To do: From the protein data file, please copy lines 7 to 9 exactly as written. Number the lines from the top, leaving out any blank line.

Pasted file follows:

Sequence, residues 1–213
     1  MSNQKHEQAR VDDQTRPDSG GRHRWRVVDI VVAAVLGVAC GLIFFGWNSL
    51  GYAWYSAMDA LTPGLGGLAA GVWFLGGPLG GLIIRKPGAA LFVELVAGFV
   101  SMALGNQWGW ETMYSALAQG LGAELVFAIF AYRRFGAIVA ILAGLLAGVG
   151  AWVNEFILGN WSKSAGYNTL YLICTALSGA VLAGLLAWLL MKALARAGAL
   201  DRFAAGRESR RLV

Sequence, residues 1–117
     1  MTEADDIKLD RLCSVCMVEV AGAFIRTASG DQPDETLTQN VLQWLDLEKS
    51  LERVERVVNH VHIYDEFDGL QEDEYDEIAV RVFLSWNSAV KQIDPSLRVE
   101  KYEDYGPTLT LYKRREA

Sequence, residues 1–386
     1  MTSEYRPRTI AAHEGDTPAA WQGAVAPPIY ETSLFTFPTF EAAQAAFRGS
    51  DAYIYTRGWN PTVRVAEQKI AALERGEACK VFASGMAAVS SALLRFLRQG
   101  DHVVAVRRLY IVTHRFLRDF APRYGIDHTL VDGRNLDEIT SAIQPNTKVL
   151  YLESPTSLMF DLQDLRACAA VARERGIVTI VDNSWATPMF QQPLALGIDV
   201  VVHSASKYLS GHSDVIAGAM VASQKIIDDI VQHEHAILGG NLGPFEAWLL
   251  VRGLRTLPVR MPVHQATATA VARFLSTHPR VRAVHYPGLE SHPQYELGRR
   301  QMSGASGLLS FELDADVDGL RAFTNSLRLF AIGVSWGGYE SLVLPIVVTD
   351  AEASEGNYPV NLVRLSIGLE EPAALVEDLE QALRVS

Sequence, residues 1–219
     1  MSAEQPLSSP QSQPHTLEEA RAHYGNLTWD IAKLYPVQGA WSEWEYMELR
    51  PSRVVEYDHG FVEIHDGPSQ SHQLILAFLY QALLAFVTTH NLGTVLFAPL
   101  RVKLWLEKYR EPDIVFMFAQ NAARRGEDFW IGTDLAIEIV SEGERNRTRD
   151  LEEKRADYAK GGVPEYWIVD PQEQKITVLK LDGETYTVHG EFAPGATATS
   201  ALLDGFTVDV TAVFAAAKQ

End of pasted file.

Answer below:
Sequence, residues 1–117
     1  MTEADDIKLD RLCSVCMVEV AGAFIRTASG DQPDETLTQN VLQWLDLEKS
    51  LERVERVVNH VHIYDEFDGL QEDEYDEIAV RVFLSWNSAV KQIDPSLRVE